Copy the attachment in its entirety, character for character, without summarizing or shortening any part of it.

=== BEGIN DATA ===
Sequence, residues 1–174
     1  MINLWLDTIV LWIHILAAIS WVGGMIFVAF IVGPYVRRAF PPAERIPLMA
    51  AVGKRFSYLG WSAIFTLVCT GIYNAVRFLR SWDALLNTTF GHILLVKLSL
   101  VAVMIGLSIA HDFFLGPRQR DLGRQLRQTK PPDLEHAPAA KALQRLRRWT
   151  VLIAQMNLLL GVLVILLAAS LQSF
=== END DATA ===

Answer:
Sequence, residues 1–174
     1  MINLWLDTIV LWIHILAAIS WVGGMIFVAF IVGPYVRRAF PPAERIPLMA
    51  AVGKRFSYLG WSAIFTLVCT GIYNAVRFLR SWDALLNTTF GHILLVKLSL
   101  VAVMIGLSIA HDFFLGPRQR DLGRQLRQTK PPDLEHAPAA KALQRLRRWT
   151  VLIAQMNLLL GVLVILLAAS LQSF